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Doctor Pepper Snapple Goes Ex-Dividend Tomorrow

September 11, 2013 | About:
P.I.A.

P.I.A.

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Doctor Pepper Snapple Group Inc. (DPS) is a mature business, and a remarkably shareholder friendly one at that. The dividend yield is currently a hefty 3.41%, and the company has bought back 6% of its shares through the past three years. An investor can sensibly look for income and capital appreciation with long-term horizons. The stock goes ex-dividend in the near future, on Sept. 12, and scrutiny is appropriate.

There are considerations. The Coca-Cola Company (KO), an outsized peer, has been underperforming, though it maintains one of the highest industry multiples. Its results may not bode well for DPS. It also is not clear how much of an effect Soda Stream International (SODA), which offers homemade carbonated beverages, might have on the future revenues soft drink companies.

Some graphics from Doctor Pepper Snapple's second quarter investor presentation illustrates reasons for hesitation. Aside from Snapple and Mott's, bottler case sales volume is decelerating.

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While the company does an admirable job returning cash to shareholders, its balance sheet appears weak. Data from July 2013 shows $113 million in cash against $2.5 billion in long term debt. The Altman Z-Score is 2.08, and graphically in the grey area. Distress could manifest within two years. Noting the foot note below, $531 million in second quarter cash from operating activities is due to licensing agreements with Coke and Pepsi.

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Thomson First Call shows a 2.7 analyst recommendation with a median price target of $50. The analysts project $3.28 in 2014 earnings and a 7.53% five-year growth rate, which is not of itself a bargain, nor expensive. Overall, they find it to be slightly out of favor with some upside.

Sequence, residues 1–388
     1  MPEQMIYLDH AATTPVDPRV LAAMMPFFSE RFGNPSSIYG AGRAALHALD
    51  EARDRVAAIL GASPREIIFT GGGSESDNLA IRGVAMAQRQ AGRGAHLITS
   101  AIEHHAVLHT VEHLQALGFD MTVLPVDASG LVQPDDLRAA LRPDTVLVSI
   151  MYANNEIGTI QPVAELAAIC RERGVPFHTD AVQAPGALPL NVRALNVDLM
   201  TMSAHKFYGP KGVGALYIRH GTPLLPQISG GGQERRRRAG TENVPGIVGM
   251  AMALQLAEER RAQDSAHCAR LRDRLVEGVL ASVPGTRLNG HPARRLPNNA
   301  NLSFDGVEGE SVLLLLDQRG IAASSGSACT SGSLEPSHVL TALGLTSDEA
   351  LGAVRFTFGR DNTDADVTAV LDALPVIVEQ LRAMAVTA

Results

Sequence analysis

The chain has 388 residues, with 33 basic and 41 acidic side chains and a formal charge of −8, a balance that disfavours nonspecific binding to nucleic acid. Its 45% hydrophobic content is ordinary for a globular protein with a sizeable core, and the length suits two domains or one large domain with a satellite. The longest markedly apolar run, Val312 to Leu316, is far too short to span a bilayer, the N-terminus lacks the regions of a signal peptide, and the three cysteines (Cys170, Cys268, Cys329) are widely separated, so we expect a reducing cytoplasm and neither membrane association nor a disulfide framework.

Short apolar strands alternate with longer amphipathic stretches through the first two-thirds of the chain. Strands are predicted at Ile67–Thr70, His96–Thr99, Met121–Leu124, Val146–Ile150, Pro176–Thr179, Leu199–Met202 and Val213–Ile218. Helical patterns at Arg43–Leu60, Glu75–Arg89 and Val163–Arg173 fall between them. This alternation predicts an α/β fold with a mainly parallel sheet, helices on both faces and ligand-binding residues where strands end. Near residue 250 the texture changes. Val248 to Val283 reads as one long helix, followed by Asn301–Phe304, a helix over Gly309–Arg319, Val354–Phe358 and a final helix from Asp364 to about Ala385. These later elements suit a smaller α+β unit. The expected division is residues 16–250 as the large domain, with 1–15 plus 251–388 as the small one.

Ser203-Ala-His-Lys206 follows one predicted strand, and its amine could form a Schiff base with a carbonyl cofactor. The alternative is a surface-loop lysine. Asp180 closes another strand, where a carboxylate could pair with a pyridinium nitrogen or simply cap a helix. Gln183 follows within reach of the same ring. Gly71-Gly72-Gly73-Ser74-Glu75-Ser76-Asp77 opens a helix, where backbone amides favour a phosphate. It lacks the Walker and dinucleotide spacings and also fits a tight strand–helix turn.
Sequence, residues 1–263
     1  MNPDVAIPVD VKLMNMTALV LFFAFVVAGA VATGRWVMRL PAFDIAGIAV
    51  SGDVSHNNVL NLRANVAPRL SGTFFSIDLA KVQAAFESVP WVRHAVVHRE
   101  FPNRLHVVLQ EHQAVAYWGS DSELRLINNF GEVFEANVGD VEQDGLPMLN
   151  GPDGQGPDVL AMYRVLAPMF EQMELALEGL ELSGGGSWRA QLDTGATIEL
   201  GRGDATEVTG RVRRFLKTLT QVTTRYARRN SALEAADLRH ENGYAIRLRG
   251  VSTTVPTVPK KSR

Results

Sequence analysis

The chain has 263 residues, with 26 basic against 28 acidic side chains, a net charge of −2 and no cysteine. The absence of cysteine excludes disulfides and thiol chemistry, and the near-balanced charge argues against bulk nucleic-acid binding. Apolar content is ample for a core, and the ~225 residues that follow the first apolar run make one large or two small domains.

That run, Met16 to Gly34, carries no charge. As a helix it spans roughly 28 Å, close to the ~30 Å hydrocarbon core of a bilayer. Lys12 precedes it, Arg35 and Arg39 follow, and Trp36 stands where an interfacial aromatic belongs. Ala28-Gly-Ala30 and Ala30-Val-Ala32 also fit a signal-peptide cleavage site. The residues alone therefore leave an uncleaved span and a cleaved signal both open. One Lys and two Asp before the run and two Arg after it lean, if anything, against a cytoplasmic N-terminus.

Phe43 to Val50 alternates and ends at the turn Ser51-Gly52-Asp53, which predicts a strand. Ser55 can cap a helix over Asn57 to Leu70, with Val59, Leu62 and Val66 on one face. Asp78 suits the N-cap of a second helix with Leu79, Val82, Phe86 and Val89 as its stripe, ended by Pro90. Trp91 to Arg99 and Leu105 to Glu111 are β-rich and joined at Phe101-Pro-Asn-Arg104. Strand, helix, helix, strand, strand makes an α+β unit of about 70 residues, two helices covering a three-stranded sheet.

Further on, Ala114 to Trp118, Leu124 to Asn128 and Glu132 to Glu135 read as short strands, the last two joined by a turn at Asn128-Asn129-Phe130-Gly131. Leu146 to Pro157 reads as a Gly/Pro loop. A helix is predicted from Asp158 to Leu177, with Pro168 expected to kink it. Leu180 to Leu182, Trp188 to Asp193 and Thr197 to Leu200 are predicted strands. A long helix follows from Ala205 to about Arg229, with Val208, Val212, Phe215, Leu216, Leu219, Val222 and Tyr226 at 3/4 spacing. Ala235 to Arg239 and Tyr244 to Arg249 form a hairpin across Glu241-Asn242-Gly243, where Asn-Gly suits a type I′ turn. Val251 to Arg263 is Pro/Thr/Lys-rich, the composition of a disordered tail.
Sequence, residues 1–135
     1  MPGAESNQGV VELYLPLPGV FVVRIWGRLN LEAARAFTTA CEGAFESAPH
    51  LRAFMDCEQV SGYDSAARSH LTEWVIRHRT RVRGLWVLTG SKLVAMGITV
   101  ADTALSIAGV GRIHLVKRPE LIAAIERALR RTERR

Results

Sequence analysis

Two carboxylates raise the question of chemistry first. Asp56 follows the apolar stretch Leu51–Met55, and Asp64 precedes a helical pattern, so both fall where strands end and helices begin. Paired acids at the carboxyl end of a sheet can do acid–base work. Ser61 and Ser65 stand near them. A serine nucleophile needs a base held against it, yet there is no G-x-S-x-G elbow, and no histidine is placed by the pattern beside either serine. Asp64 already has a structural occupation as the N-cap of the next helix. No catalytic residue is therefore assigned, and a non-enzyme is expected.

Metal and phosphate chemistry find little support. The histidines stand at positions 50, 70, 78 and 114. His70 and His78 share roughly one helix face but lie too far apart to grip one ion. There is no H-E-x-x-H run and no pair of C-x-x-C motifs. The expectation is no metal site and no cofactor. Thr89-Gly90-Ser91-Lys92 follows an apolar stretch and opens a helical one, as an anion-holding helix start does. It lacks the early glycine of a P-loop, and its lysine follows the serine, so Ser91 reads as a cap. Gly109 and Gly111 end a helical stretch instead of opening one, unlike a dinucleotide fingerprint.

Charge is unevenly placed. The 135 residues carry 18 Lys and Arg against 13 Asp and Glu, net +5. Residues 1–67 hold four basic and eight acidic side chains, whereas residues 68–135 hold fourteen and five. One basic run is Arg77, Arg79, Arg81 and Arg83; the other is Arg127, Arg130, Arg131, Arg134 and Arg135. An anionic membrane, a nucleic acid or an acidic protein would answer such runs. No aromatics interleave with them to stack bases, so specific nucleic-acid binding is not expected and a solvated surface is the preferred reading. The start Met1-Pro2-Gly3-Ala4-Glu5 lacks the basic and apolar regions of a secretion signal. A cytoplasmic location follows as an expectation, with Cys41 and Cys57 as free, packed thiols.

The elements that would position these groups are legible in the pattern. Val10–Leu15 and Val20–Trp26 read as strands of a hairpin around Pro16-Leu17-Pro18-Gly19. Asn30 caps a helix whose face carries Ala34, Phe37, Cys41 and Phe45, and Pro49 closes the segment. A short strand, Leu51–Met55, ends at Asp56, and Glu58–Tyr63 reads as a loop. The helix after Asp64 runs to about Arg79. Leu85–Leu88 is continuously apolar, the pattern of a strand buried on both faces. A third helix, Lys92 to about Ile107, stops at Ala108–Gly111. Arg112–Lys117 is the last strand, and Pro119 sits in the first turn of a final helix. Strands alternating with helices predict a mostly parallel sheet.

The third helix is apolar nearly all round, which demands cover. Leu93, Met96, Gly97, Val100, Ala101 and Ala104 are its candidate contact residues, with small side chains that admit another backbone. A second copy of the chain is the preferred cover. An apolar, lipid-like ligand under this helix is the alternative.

The top mutual fund manager, Peter Lynch, may have liked this stock, however. According to his formula for fair value, the DPS is worth $73.05. A case might be made for value.

There are some gurus aboard. Ray Dalio has a small position opened on June 30. Joel Greenblatt has been building one since 2011. Meridian Funds also makes DPS 0.02% of its portfolio.

However, there is a lack of catalysts and no obvious reason for shares to appreciate. There has not been significant buying amongst insiders. From my perspective, it is going to require a lower stock price or higher dividend yield to make DPS worthwhile.

After this quarter, it should have paid $0.38 four consecutive times, and an increase should be increasingly probable. The corporation’s three-year growth rate leads the industry. If the stock trades at under $44 it would be more compelling; its 52 week low is $42.10. Hypothetically, if shares are purchased at $43, the yield would be 3.5%, and with an increase to $0.40, 3.72%. It is a situation worth monitoring because the payout ratio is around 50%, indicating that the payments are sustainable — though cash flow from operating activities is trending low.

DPS returns capital to shareholders, making it appealing for ownership. However, the company itself is not indicating that high performance is likely. Therefore, it seems better to forgo an imminent dividend payment and wait for a better deal to present itself.

Rating: 3.0/5 (3 votes)

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